With multiple electrodes you are still going to get just one spark, to the electrode with the least electrical resistance. But once in a while someone claims you get multiple sparks. But I was a history major....

The benefit of multiple electrodes is that the plug does not have to be changed as often as a single electrode plug. As the electrode with the least resistance wears then the spark jumps to the next electrode with the least resistance.

The 2.5 Boxster had 2 side electrodes, and were to be replaced at 30,000 miles. When the 2.7 and 3.2 came out Porsche switched to 4 electrode plugs, and increased the change interval to 60,000 miles.

Then you get the platinum debate. Platinum last longer than copper, but does not conduct electricity as well as copper. It is said that the platinum plug with or without multiple electrodes is used to get that 100,000 mile plug.

http://forums.pelicanparts.com/showthread....k+plug+indexing

http://forums.pelicanparts.com/showthread....k+plug+indexing

Link to comment
Share on other sites

  • 3 months later...
  It seems like it might be a waste of time with stock plugs since there are 3 other ground electrodes in the way of the flame anyways. Who knows though.

Read this from PCA.org tech article. The next to last paragraph (though confusingly written) provides some insight.

http://www.pca.org/tech/tech_qa_question.a...F-5CC98AE5EE18}

Link to comment
Share on other sites

  • Moderators

I like the questions in the article. I have suggested that someone with a 2.5 that has 2 side electrodes might want to try the 4 side electrode type plug used on the 2.7/3.2. As pointed out in the question the problem is the 2 electrode plug sold by Porsche has a heat range 7, while the 4 electrode plug sold by Porsche is a 6. Some time ago I searched the net for a Bosch Super plug with 4 electrodes with a 7 heat range for use on a 2.5 and came up with nothing.

The question also points out a question I have had with the Bosch Platinum +4 plug with a part number 4417. What is the heat range. Companies that sell this plug list the same plug for the 2.5/2.7/3.2, but we know the heat range for a 2.5 is different than a 2.7/3.2. I have not been able to verify the heat range of this plug, other than to assume, like in the question, that the 7 at the end of 4417 is the heat range.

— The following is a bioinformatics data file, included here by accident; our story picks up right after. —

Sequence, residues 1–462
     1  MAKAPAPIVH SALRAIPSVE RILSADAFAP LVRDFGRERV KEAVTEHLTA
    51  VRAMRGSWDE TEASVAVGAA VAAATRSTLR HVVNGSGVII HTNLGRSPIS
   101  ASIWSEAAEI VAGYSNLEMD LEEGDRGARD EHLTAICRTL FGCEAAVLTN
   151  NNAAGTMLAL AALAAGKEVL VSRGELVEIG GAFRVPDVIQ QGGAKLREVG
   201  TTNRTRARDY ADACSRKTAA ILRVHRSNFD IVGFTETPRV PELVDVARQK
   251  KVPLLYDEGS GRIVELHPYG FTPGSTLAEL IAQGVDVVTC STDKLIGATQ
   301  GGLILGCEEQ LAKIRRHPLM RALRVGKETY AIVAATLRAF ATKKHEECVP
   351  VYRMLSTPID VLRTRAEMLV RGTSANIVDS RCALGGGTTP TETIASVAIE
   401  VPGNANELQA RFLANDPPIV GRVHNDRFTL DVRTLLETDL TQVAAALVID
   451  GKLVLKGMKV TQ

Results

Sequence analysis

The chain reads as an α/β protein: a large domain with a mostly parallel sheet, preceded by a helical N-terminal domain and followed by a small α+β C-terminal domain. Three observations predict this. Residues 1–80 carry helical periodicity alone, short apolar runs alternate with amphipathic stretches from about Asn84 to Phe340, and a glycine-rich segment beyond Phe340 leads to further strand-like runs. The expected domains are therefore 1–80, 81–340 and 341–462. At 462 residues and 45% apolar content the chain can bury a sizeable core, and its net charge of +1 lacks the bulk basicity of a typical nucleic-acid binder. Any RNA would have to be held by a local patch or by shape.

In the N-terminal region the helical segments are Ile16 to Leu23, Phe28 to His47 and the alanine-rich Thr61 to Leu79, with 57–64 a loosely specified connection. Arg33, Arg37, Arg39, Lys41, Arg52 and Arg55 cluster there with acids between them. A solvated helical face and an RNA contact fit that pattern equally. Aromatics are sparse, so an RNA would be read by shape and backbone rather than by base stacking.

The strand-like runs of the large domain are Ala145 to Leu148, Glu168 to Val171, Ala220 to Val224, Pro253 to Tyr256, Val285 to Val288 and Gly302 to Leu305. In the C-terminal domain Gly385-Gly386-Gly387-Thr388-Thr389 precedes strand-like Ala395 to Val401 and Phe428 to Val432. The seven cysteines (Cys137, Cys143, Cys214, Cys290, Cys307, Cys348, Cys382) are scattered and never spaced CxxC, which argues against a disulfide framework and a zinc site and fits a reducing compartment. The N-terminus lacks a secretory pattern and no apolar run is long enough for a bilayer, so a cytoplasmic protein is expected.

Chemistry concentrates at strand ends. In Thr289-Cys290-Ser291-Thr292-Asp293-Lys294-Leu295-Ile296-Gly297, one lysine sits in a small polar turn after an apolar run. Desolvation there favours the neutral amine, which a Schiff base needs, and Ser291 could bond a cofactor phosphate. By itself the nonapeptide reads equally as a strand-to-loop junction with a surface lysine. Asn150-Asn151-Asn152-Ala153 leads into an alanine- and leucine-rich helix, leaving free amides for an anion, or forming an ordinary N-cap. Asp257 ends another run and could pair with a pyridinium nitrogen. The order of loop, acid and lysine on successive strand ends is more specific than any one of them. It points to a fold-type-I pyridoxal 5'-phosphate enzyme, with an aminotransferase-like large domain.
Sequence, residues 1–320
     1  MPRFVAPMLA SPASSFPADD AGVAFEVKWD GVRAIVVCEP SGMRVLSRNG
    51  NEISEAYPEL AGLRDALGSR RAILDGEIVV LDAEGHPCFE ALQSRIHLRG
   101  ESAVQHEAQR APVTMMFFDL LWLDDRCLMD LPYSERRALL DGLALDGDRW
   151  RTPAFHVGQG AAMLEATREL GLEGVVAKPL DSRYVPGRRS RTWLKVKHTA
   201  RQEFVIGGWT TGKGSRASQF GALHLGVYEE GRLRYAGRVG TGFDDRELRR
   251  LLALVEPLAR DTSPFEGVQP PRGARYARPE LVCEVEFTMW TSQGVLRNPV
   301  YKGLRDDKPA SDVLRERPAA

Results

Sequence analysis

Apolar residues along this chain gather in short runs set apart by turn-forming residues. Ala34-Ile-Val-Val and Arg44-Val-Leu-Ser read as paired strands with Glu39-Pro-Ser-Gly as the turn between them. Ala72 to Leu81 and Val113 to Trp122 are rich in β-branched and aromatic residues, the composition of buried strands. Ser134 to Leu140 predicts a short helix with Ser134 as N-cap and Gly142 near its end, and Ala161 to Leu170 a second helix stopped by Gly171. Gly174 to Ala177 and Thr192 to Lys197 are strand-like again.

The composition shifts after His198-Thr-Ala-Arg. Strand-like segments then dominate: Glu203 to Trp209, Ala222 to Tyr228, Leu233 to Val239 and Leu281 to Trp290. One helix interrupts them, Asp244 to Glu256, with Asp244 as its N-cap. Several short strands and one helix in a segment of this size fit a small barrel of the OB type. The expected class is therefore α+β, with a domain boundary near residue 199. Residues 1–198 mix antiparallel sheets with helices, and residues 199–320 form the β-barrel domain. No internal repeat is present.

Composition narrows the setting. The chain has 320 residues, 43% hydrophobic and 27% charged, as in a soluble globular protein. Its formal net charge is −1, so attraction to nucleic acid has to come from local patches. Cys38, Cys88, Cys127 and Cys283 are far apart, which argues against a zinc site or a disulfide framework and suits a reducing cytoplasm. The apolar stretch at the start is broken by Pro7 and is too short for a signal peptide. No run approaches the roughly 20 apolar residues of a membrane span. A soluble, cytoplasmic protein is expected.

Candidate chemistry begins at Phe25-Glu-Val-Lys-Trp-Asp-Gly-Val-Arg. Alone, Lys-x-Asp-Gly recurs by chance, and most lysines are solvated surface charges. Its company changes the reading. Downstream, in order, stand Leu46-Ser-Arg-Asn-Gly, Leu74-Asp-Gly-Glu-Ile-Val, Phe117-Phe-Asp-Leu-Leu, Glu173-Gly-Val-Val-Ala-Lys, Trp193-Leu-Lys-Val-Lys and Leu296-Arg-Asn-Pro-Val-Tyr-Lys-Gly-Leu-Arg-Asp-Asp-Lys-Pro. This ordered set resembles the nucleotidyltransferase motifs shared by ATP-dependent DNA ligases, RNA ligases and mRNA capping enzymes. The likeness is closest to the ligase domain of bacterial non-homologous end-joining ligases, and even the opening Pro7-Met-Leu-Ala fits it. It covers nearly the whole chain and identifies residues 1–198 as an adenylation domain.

As pointed out by Scott, more electrodes does not necessarily mean it is a better plug, rather it is the design of the plug. I do not follow Scott when he mentions indexing, other than as a generic response. If you have a 4 electrode plug in the middle of the combustion chamber and 4 valves per cylinder, then the most electrodes that can face the intake valves is two.

Link to comment
Share on other sites

  • Moderators

That is a handy Bosch chart. I can decode the Boxster oem 2.5 Super plug with the Bosch part number FR 7 LDC4 as an example.

F is the thread size or 14 mm x 1.25 mm.

R is for resistor.

7 is the heat range.

L is the length of the threads.

D is 2 side electrodes.

C is copper.

4 is an extended insulator.

Can't do that with the Platinum +4 plug as the number is simply 4417.

Link to comment
Share on other sites

Join the conversation

You can post now and register later. If you have an account, sign in now to post with your account.

Guest
Reply to this topic...

×   Pasted as rich text.   Paste as plain text instead

  Only 75 emoji are allowed.

×   Your link has been automatically embedded.   Display as a link instead

×   Your previous content has been restored.   Clear editor

×   You cannot paste images directly. Upload or insert images from URL.

×
×
  • Create New...

Important Information

We have placed cookies on your device to help make this website better. You can adjust your cookie settings, otherwise we'll assume you're okay to continue.